The sandy, sunny Canoa lies on the western coast of Ecuador. With three dollar meals, hammocks in abundance and great waves, some would call it paradise. I am one of them.

Last April, Canoa was devastated by a 7.8-magnitude earthquake. Although the tremble only lasted 52 seconds, the homes of many came tumbling down, along with restaurants and small businesses. 90% of Canoa was destroyed. Out of the 5000 total people who reside in Canoa, it is believed that 37 lives were lost. One month later, a 6.7-magnitude aftershock struck.

Nearly a year has gone by and from an outsiders perspective, the town has done a great job getting back on its feet. But with hurt in their hearts everyone kept saying, “you should have seen what it was before.”

Canoa was the first place on our journey that we truly stayed. We came for the waves, but within hours of our first day, had met some surfer friends- down here the word is “pana.” Right off the bat, we saw Canoa in a new and deeper way. Let’s just say we stayed longer than expected.

We sought out a place to rent boards and found Kiki, Happy Happy Kiki. I was explaining to him what I do for work and where I am from. Turns out, he knew of Surfrider Foundation.

Our common ground was an extreme distaste for litter on the beaches. So when we decided to stay we organized a “minga,” a union or get-together to clean up the beach. That weekend we rallied some local surfistas and held the beach cleanup. We came back with three trash bags full of litter. I know that doesn’t sound like a lot, but when the majority of what you are finding includes bottle caps, cigarette butts, and plastic straws, that equates to hours of work chasing microplastics.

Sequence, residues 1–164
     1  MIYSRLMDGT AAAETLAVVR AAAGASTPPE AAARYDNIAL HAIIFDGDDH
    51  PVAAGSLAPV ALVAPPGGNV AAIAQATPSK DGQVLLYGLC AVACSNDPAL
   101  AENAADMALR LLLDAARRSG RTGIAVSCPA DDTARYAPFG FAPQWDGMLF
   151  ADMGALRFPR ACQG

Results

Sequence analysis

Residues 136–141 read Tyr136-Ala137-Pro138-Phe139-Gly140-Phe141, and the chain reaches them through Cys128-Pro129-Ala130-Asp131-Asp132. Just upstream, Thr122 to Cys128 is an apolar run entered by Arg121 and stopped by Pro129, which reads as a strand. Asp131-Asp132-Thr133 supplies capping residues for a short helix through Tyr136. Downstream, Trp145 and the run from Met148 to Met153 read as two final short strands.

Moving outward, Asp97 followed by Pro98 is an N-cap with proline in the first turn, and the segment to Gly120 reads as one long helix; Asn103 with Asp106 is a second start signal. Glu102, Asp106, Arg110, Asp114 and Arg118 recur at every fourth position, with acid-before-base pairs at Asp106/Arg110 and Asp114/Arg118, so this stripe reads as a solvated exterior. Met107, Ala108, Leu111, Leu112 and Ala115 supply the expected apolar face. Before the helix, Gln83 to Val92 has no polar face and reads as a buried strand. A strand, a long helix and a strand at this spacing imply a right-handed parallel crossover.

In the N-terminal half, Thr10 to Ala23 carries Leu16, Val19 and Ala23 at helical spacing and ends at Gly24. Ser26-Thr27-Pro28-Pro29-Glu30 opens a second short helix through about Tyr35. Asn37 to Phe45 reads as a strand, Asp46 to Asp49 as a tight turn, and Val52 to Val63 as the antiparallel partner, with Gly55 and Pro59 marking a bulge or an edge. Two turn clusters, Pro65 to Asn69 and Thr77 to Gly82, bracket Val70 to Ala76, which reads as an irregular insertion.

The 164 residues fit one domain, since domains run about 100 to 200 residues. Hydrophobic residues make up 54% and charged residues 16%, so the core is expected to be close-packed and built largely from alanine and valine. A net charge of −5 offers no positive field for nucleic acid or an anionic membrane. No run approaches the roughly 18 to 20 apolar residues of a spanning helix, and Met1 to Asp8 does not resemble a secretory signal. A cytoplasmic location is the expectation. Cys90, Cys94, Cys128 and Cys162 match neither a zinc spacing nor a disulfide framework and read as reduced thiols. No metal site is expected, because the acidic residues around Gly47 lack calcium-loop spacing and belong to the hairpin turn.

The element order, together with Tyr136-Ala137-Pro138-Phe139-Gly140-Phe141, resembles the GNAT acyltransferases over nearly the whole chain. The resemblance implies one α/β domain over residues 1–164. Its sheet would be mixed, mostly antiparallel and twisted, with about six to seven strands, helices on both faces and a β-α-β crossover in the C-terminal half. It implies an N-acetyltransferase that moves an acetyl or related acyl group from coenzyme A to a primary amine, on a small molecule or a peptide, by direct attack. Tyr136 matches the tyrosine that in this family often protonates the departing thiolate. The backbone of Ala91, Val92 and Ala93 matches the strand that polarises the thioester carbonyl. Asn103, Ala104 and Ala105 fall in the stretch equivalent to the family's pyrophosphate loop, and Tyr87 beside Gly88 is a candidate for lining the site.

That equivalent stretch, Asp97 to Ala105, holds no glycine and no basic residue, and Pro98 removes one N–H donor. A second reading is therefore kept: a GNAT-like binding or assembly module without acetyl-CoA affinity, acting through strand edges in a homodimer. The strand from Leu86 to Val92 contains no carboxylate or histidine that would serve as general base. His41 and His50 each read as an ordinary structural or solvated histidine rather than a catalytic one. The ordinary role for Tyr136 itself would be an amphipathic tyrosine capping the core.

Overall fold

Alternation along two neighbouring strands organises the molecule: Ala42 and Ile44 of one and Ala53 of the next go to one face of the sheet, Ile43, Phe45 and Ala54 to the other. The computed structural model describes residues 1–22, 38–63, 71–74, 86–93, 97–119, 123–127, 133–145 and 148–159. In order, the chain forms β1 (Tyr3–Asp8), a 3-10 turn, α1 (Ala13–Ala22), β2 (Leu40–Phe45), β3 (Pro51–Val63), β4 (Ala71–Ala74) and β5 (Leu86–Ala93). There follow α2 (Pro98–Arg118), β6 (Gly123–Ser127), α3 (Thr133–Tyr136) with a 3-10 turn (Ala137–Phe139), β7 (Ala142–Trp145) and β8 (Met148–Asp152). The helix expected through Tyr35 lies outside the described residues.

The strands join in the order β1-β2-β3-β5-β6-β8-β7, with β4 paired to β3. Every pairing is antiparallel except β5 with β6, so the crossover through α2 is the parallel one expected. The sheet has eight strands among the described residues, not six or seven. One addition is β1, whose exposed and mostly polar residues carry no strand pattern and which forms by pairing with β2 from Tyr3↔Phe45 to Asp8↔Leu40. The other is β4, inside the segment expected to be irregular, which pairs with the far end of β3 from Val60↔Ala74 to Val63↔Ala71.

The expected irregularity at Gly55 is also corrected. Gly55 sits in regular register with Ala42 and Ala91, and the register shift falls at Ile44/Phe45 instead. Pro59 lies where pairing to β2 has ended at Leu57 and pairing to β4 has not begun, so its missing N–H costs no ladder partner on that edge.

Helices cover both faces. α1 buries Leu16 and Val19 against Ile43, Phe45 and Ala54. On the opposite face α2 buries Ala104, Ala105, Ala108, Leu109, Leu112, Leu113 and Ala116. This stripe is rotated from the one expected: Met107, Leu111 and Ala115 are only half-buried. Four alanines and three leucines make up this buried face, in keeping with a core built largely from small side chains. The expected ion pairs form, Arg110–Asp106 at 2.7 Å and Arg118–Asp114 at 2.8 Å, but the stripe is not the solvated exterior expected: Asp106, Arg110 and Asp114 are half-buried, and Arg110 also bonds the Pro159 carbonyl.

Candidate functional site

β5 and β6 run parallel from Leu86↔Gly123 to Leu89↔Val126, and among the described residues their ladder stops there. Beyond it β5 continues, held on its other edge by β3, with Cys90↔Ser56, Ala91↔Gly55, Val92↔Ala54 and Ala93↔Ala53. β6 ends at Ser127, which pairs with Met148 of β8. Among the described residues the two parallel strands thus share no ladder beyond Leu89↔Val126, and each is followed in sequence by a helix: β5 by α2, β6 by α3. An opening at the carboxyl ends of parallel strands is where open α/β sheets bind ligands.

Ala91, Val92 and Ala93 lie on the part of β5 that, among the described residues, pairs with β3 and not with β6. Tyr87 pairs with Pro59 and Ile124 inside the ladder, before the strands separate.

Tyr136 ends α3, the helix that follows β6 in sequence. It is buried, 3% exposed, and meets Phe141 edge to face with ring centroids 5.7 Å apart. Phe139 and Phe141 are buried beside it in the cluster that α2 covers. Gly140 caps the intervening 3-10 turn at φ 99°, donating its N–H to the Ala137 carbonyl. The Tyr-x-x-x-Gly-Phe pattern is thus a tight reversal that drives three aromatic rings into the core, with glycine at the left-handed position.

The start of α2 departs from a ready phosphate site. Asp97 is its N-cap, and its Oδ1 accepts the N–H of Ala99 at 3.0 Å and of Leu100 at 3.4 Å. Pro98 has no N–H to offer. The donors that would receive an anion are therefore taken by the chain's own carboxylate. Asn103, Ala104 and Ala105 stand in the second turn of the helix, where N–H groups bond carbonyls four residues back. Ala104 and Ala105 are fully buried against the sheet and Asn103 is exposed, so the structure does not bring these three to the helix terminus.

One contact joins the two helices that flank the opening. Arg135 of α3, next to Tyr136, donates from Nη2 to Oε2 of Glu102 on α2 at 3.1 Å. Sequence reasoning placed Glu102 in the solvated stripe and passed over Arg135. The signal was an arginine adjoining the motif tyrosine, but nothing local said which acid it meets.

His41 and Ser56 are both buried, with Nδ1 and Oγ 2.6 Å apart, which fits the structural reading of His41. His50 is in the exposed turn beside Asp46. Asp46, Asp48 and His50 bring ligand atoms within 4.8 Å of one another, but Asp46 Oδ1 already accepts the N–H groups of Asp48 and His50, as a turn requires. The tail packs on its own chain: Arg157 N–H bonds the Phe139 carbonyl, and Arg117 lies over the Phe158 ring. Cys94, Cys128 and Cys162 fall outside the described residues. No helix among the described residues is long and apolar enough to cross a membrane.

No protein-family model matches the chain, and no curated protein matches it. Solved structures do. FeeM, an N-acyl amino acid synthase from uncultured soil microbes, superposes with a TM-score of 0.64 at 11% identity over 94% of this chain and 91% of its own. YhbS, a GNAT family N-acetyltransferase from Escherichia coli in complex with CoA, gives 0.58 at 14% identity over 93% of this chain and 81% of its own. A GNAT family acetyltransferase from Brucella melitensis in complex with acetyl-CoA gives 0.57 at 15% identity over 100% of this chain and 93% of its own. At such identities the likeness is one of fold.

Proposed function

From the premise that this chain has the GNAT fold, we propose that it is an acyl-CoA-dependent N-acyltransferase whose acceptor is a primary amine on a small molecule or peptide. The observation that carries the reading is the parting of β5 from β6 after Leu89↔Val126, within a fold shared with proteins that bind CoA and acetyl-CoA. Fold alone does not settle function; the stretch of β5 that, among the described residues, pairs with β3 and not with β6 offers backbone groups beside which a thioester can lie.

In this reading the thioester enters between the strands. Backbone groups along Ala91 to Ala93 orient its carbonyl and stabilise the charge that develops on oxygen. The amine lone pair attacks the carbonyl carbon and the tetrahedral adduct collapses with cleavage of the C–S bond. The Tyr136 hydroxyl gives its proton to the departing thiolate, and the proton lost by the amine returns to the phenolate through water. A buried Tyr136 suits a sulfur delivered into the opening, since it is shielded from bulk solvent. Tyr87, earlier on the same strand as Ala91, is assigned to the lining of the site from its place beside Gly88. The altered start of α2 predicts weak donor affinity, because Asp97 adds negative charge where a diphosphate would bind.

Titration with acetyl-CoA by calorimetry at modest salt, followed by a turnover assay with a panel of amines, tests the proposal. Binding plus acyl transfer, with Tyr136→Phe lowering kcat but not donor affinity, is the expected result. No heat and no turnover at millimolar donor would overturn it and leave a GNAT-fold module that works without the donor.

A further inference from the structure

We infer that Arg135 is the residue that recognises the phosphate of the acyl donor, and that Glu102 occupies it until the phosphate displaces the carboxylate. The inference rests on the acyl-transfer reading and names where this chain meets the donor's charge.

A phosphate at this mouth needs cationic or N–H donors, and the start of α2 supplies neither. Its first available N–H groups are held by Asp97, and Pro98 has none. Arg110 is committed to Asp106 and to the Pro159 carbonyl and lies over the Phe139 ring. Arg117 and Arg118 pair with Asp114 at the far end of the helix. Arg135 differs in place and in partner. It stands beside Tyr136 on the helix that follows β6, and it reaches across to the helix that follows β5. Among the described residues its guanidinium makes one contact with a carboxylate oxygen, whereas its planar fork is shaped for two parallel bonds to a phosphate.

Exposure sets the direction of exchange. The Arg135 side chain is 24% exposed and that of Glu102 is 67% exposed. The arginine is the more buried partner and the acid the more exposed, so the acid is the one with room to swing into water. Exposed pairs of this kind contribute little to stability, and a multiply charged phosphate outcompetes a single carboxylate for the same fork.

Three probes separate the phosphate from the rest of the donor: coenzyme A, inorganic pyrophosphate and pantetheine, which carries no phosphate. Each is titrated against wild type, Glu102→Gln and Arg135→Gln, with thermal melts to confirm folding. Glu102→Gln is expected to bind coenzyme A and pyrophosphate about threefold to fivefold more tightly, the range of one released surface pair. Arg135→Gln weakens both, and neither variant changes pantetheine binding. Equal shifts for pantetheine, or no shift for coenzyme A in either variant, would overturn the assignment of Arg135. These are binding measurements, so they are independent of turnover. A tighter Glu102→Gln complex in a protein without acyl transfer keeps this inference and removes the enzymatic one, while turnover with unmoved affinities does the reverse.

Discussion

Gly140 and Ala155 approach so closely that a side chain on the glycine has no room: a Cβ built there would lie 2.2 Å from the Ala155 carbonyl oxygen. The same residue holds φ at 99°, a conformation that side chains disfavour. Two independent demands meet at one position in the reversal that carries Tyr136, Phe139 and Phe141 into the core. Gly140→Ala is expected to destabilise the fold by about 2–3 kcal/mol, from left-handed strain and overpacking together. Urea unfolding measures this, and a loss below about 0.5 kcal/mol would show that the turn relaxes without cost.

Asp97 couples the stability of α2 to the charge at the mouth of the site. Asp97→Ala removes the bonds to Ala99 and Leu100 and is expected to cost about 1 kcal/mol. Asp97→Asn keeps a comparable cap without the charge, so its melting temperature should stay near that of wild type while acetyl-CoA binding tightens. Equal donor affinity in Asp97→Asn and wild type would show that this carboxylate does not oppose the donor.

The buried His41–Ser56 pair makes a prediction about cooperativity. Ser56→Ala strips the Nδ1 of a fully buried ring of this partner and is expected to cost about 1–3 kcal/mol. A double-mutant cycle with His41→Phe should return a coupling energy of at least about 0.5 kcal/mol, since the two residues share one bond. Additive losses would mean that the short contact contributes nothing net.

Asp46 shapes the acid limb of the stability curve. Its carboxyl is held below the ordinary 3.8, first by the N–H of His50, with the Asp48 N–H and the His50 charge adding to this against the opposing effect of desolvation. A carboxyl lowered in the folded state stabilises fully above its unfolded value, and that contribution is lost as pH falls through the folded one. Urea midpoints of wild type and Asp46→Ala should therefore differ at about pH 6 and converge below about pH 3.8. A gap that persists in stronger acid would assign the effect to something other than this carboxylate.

We poured the content of our bags out to see exactly what kind of litter plagues the beaches. We found everything from metal spoons to mannequin dolls. But the most common litter is composed of the things we use just once. Straws. Plastic caps. Cigarette butts. Plastic bags and bottles. Maybe we need to teach people that when you throw something away, it doesn’t go anywhere.

There’s a culture here, “out of sight, out of mind.” If you pack it in, you are not concerned with packing it out. And I can see where that comes from. When litter was banana peels and avocado pits, that was okay. But leaves aren’t used to package goods anymore. For a lot of the world, plastic is a new thing. But for the whole world, every plastic product that was ever made or used, in one way or another, still exists. I can’t say things differ much in the states, but we do have the luxury of alternatives.

We ended the minga with a group surf in Canoa’s beach break. And once we got out of the water we brought our trash to Hotel Bambu, who gives you a free cocktail for every bag of litter picked up from the beach. We proudly enjoyed capirinhas, without straws (sin sorbetes), of course.

We made it out to the beach the following day, and found all of our hard work reversed. There were piles of plastic cups and beer bottles and food wrappers. We wearily walked through the litter and picked up what we could below the high tide line. I guess the moral of the story is to do what you can. Do your part, consider your impact, live by example, try to educate those around you, and for the love of god, deny straws.

Long live fresh starts, and long live the beach.